Holguin was dumbfounded. Then, she recalled the complaints she made against Ryff.

"It's intimidation ... because I spoke out" against the police chief, she said.

Holguin sent an e-mail to Tempe's city manager and City Council and later met several council members to ask why her address was on the list.

On Aug. 14, Holguin got a response from City Manager Charlie Meyer: "You raised a question about your residence being listed as a potential 'hazard.' I have consulted with the city attorney and have decided that any such information related to any address in the city being listed as a potential 'hazard' to public-safety personnel is not appropriate to release due to the sensitive nature of such information."

Holguin has attended three council meetings to express her outrage.

"Who knows how many people are on this list?" she asked. "It's not bad just for me, but also for the paramedics and the police. The person who did this is . . . reckless and irresponsible . . . that they would put these men and women into a position to be thinking that they're going into a hostile situation."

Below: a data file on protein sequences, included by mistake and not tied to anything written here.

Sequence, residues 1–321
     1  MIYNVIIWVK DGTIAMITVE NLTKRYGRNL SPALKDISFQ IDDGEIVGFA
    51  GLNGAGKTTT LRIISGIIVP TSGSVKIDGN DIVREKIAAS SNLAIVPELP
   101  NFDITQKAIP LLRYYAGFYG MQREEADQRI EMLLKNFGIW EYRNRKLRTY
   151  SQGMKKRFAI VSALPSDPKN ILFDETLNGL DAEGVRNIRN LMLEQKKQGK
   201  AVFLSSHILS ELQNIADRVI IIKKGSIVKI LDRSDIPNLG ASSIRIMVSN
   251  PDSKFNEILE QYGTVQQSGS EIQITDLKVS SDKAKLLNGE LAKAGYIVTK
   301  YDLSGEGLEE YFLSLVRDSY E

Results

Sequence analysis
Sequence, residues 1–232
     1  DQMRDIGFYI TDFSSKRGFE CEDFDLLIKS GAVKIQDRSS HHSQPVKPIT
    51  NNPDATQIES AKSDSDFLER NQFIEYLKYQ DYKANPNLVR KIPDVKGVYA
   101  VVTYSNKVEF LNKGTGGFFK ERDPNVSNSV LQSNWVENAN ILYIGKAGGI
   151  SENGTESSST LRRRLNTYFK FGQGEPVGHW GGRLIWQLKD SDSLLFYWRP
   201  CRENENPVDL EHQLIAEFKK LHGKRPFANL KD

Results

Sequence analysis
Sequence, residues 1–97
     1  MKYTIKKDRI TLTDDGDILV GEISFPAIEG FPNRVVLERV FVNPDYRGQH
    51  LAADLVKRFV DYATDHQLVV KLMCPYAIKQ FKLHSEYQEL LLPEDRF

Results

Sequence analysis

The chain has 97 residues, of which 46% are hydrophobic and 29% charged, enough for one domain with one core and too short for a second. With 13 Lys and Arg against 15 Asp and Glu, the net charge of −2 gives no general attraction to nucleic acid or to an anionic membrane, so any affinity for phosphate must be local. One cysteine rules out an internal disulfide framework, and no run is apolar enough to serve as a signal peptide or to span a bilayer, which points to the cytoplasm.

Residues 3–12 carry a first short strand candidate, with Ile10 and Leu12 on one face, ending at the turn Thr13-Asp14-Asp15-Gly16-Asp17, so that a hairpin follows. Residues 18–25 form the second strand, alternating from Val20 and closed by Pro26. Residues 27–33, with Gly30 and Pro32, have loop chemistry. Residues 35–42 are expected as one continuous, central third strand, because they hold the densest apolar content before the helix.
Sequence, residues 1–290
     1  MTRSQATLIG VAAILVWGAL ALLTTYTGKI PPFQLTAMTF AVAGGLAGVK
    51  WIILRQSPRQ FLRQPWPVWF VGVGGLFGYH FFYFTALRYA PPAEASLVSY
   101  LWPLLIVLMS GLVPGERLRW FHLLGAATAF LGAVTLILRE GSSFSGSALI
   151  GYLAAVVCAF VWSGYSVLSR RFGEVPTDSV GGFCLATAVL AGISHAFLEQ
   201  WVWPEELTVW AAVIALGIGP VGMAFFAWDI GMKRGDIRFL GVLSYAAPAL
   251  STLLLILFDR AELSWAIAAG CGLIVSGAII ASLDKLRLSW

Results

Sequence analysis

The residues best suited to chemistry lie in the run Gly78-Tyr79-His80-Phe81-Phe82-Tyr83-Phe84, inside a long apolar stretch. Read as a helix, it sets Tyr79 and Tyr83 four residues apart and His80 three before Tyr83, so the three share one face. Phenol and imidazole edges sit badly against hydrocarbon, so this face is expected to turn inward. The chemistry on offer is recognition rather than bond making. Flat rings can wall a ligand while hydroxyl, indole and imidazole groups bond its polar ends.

Although Holguin has gotten no response from police, Tempe's fire chief last month agreed to notify firefighters that dispatches to her address should be handled the same as any other call.

On Friday, Ryff denied Holguin was being singled out.

"I support citizens' rights to voice concerns regarding any public officials including me as a police chief," he said. "I can tell you that in my entire career, I have never placed or asked that anyone be placed on a hazard file. I have not retaliated against Miss Holguin indirectly or directly."